This image has the widest aperture.  Notice how the lead duck's eyes are sharp but that focus quickly falls off.  That's called a shallow depth of field.

This image has the widest aperture (f/2). Notice how the lead duck’s eyes are sharp but that focus quickly falls off. That’s called a shallow depth of field.

This image was made with the aperture at a medium setting (f/8). Notice how there is pretty good detail in the lead duck but while the back duck is out of focus, it is starting to show some definition.

This image was made with the aperture at a medium setting (f/8). Notice how there is pretty good detail in the lead duck but while the back duck is out of focus, it is starting to show some definition.

This image was made with the smallest aperture (f/20).  Notice how the lead duck is pretty sharp throughout and while the back duck is not sharp, it is well defined enough to be easily recognizable.

This image was made with the smallest aperture (f/20). Notice how the lead duck is pretty sharp throughout but although the back duck is not sharp, it is well defined enough to be easily recognizable.

So there you have it.  Three different tools that you can use to help achieve a good exposure.  My recommendation is that you experiment with each of these three settings.  Some might be available as scroll wheels on your camera while others will be menu level adjustments.  Once you feel you have a good handle on that, I recommend that you use aperture priority mode for most of your shooting.  This will allow you to manage the depth of field (area in sharp focus) while letting your camera figure out the right shutter speed and/or ISO.  Practice with it a bit and let me know how it goes.

One last image to leave you with - notice the shallow depth of field?  it makes it very easy to see the hummingbird and flower.  Had I used a smaller aperture, finding the hummingbird would have been a 'Where's Waldo' type of experience.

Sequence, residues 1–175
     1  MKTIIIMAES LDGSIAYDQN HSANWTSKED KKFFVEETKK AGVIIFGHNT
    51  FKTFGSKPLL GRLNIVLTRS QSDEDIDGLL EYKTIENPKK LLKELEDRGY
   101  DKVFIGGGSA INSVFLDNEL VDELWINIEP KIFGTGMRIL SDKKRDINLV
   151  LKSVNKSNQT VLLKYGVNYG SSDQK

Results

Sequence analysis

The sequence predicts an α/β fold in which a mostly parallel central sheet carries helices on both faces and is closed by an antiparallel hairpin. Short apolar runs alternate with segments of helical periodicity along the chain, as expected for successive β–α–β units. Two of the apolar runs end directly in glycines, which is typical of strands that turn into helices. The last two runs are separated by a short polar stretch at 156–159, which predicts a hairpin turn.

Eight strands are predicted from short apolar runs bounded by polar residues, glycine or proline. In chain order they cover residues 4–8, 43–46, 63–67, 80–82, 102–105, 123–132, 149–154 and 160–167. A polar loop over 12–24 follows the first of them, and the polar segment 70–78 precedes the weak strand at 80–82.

One last image to leave you with – notice the shallow depth of field? it makes it very easy to see the hummingbird and flower. Had I used a smaller aperture, finding the hummingbird would have been a ‘Where’s Waldo’ type of experience.

Digg This
Reddit This
Stumble Now!
Buzz This
Vote on DZone
Share on Facebook
Bookmark this on Delicious
Kick It on DotNetKicks.com
Shout it
Share on LinkedIn
Bookmark this on Technorati
Post on Twitter
Google Buzz (aka. Google Reader)

Stock imagery

M_Kloth-1-2

You might not have stopped to consider it, but the stock imagery industry is a part of your daily life.  Photos and videos are everywhere and short of locking yourself in a dark room or spending the day hiking in the woods, you will see stock imagery every day of your life. I define stock imagery to include all photographs and videos that were created on speculation (or were the ‘leftovers’ from a shoot) and they are then licensed for use in just about every way possible.  My own stock photos have been used on everything from book covers (thank you Jon Katz), to advertisements, to custom wall art prints (you can make them on demand at Costco).  They have been used in things that I know about and in ways that I can only imagine.  Stock imagery used to be quite profitable but with the advent of inexpensive but excellent digital cameras, the market has become saturated.  There is still money to be made in licensing stock imagery to be sure, but it is not the industry that many photographers make it out to be.  Today I want to share my thoughts on where the market is today and where I see it going.